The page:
13. Yep. I noticed that I now have a Baseline Grid Manager button across the suite, that somehow migrated from Publisher; I can't find a toggle for it anywhere else on the interface, though, which means that if I ever remove it I won't be able to add it back. Because of some weird bug, now both Photo and Designer offer extra functionality. I'm actually thinking of suggesting that that manager thing is made available by default. I also had some buttons from the wrong personas in Photo, which just crashed the app. Whoops.
  14. Thanks, that did the trick! Weird that it should've gone missing by itself, right?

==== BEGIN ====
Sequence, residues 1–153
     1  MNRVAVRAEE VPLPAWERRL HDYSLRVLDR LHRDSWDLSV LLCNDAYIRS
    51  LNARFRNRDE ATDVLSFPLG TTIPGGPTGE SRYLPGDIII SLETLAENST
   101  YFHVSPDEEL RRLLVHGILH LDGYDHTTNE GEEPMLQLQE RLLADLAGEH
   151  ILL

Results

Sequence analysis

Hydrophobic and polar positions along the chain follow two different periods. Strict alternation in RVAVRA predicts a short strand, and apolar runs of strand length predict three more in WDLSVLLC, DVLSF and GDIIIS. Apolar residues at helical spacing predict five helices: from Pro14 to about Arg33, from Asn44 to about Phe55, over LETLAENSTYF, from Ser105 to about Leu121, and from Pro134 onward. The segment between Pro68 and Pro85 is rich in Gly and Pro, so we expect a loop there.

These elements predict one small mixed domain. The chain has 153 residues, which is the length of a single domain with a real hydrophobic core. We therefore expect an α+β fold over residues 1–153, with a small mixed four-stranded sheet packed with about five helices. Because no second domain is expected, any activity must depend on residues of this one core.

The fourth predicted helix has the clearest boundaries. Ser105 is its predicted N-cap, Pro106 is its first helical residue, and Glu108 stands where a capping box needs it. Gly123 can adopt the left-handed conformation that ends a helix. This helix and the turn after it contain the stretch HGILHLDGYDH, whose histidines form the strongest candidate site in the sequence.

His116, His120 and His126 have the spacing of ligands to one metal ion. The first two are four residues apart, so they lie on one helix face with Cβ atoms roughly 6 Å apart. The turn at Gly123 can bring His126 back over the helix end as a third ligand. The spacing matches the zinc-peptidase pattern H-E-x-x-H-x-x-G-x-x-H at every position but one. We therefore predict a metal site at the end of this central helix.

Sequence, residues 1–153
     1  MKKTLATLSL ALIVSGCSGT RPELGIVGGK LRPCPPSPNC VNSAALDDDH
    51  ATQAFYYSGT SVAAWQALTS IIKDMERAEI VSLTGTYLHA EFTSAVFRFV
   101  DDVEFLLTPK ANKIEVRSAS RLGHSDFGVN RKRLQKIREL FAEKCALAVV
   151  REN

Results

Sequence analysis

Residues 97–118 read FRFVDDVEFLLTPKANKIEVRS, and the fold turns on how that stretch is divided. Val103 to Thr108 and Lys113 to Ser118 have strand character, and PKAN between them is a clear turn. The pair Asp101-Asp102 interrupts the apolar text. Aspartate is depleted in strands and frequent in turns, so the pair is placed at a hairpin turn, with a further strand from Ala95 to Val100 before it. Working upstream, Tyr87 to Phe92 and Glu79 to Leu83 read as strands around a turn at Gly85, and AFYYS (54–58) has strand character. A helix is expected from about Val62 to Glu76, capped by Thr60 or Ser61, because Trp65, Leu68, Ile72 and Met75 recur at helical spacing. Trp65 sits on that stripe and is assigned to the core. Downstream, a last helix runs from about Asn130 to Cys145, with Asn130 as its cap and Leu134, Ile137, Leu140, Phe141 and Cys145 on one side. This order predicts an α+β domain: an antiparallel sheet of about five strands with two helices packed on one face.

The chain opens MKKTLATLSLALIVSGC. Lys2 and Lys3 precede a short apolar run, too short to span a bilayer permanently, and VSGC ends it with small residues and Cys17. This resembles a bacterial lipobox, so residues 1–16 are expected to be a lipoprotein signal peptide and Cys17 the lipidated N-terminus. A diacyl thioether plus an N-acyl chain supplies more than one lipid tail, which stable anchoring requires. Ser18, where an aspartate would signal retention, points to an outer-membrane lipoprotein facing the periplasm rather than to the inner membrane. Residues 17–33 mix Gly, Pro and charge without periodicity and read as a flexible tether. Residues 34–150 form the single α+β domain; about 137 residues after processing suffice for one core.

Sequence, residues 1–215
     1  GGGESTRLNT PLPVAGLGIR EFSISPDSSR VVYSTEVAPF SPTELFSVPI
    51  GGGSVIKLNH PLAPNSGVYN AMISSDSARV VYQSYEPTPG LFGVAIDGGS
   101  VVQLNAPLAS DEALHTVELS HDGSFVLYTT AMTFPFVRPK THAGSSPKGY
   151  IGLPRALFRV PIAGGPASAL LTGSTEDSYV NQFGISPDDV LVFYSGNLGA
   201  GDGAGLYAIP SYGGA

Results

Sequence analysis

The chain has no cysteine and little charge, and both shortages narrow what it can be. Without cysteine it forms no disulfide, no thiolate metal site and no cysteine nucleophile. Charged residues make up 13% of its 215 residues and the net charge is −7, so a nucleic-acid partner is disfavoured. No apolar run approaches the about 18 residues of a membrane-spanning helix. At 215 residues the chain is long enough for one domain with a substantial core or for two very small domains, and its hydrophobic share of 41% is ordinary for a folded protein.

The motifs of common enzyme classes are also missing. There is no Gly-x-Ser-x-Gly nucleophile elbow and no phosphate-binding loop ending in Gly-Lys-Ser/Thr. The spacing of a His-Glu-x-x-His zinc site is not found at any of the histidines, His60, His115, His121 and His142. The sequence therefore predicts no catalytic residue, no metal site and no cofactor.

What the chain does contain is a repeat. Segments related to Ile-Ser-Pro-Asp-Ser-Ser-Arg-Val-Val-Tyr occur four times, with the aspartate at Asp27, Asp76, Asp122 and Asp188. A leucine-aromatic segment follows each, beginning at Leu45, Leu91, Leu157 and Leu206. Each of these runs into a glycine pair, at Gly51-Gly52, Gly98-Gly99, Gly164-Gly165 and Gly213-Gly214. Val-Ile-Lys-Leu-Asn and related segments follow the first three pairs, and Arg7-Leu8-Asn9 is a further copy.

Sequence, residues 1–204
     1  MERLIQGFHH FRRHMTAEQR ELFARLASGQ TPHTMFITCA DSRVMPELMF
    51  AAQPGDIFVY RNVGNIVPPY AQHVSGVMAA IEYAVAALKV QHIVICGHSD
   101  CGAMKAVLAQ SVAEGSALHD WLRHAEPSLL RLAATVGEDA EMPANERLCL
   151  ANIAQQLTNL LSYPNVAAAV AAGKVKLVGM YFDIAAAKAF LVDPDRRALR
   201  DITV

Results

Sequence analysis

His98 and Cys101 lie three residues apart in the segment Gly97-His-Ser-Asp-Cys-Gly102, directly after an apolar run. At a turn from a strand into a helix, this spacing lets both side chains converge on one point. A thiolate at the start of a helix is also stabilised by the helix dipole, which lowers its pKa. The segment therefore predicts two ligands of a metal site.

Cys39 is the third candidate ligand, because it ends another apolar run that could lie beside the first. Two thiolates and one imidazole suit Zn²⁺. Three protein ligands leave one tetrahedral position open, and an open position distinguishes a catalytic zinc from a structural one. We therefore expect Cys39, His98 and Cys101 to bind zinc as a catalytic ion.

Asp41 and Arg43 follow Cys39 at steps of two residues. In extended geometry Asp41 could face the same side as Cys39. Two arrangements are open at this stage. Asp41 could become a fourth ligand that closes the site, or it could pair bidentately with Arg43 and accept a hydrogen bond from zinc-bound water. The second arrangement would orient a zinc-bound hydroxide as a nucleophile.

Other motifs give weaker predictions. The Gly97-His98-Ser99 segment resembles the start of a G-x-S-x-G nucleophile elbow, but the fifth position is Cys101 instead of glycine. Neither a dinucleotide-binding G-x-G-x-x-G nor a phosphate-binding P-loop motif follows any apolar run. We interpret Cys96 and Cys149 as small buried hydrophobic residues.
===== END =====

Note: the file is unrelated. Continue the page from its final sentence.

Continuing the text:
15. I also wanted to focus on this detail in particular and remind Serif devs of another essential UX trait: Photoshop, while a bit cumbersome itself in its implementation, gets this right, because it gives us some choice. When zooming in and out with the keyboard shortcuts, Command+[+] and Command+[-], the document window automatically resizes, as if the Window>Zoom command was issued concomitantly, thus eschewing the need for that extra user action; when zooming in and out with the Zoom [magnifying glass] tool or with a multitouch gesture like pinch or a Option+two-finger scroll combo, the window maintains its size. That way, managing windows in Photoshop is extremely easy and quick, even if it may appear a bit convoluted to a bystander. If we want to tile a few, we just have to hit Command+[-] a few times until they are small enough to fit; if we want to fill the screen with one image or even a few and still be able to select them with Application Mission Control (which isn't enabled by default in macOS, but should, and most self-respecting pros take care of that whenever they set up a new Mac), we can just zoom on the image with the trackpad, if it's small, and perform the Window>Zoom command to make it “maximize” (without going under the docked UI items as stated before, obviously). Alternatively, when we wish to work in only one window at a time, pressing F does the trick without having to activate the Application frame. And this is crucial, for a very important reason: activating the equivalent in Affinity Photo automatically renders Application Exposé/Mission Control completely useless, and even though you could undock file tabs from Photoshop's main window, when toggling the Application frame Photoshop sucks all files into said window, thus resulting in the very same scenario. If Affinity apps had a proper Separated mode, they would work nicely by default with Application Exposé/Mission Control. If they also offered a “Fullscreen without going fullscreen” mode, weird as that Adobe holdover from back when there wasn't a proper, OS-wide fullscreen mode may be, they would allow you to work on one document at a time and still work nicely with Application Exposé/Mission Control. The advantage of this feature, especially on bigger screens – and in particular with Adobe's implementation, which resizes any inactive windows back to their original size (and here Serif could try and one-up them by resizing all windows to their original size while App Exposé was toggled, including the current one) –, over the regular fullscreen windows mixed with virtual desktops on Mission Control, is that document windows can be huge if you only have a few of them open, whereas the latter are tiny no matter how few you have open. For photographers working with many photos, even in “pseudo-fullscreen mode”, in Photoshop, this is extremely useful. I'm not even kidding, they are a four-finger swipe – or, in my case, active corner – away, whereas in Affinity Photo you have to go and pick at a tiny tab and can never see them tiled when in proper Single-window or Fullscreen mode. You just can't have your cake and eat it too, and must either keep your desktop über-tidy, or get some desktop-obscuring app (and you would still have to deal with all the other Separated mode shortcomings, of course). This is one of those rare cases where I say: screw Apple and their official HIG implementation and current dictums. Yes, fullscreen/single-window apps and simple, all-windows-in-a-jumbled-mess-or-grouped-into-smaller-jumbled-messes Mission Control work great in small laptop screens, and should absolutely be embraced. But good old App Exposé and Adobe's arcane methods, for all their own quirkiness, are absolutely key for larger screens. They are holdovers from a nearly bygone era, yes, but there's a reason why they haven't killed them off yet, and probably never will (if anything, that Pro Display XDR beast is absolute proof that computer displays are still growing, not shrinking… 32'' 6K iMac Pro in 5 years' time when that panel – and maybe even that crazy backlighting system – drops a bit in price, anyone? And why wouldn't they add to the product range or fill its slot with a bigger, 8K Pro Display XDR? OLED-based? Who knows, really…). And, once again, Serif could add similar advanced UX tricks which might even be disabled by default so as not to confuse less demanding users. Make it a subset of Separated mode called “Concentration/Focus mode” (in a nod to Microsoft, ha), which is greyed out until the former is activated, or something. Maybe one day (soon?), when Marzipan/Catalyst gets mature enough and macOS converges further with the other two touchscreen platforms, Apple will allow “intra-window Application Exposé” (“Window Exposé”? It's a sensible name, from a strictly hierarchical standpoint) for single-window applications with a proper, public and documented API; It's not much of a stretch to assume that, since Safari on iPadOS (it's weird calling it that, but I'm sure we'll all get used to it in no time) already does this with its tabs (in fact, that feature appeared at least in iOS 9, because I'm still running it on my iPad 3 and it does that), and Safari on macOS has also been doing this for a while (since… Sierra? High Sierra? Earlier still?). Maybe those who are working with a desktop and a mouse/el cheapo pen-digitiser-only tablet can get a system-wide keyboard shortcut (hopefully a better one than Safari's weird, right-hand-friendly Command+Shift+\) instead of the predictable pinch gesture (maybe adjusted with some extra fingers, 4 or 5 in total, to distinguish it from the two-finger pinch-to-zoom gesture, possibly a back-port to the Mac of the newfangled three-finger pinch-to-cut/copy gesture and definitely the pinch-to-open-Launchpad one) which may activate it, or whatever. But, until then (and I would strongly discourage Serif devs from rushing and trying to implement such a specific feature before Apple makes it available as a prepackaged solution; variable UI gamma does indeed offer more than Apple's own binary dark mode/light mode implementation and absolutely equals Adobe's own, which made it a smart move, but going crazy with aping Safari tabs because maybe it will become a new standard UX model would be just wasting resources, and it's been already long enough since it's been available on iOS/iPadOS for it to maybe not be a priority for them), their photographer users' needs will go unaddressed, and that's a shame. For now, they should take what macOS already offers and users are already accustomed to, and adapt accordingly. I.e., be a good macOS citizen.